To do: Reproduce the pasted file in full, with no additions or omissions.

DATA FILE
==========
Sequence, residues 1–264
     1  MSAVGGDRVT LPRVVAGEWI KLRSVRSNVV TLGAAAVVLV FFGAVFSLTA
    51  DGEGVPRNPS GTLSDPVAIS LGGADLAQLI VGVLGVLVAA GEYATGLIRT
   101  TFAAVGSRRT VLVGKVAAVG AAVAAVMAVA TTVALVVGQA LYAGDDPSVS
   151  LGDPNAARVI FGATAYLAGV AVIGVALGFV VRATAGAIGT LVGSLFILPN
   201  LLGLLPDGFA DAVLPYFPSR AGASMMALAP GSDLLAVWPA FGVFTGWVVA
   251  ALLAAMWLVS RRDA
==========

Sequence, residues 1–264
     1  MSAVGGDRVT LPRVVAGEWI KLRSVRSNVV TLGAAAVVLV FFGAVFSLTA
    51  DGEGVPRNPS GTLSDPVAIS LGGADLAQLI VGVLGVLVAA GEYATGLIRT
   101  TFAAVGSRRT VLVGKVAAVG AAVAAVMAVA TTVALVVGQA LYAGDDPSVS
   151  LGDPNAARVI FGATAYLAGV AVIGVALGFV VRATAGAIGT LVGSLFILPN
   201  LLGLLPDGFA DAVLPYFPSR AGASMMALAP GSDLLAVWPA FGVFTGWVVA
   251  ALLAAMWLVS RRDA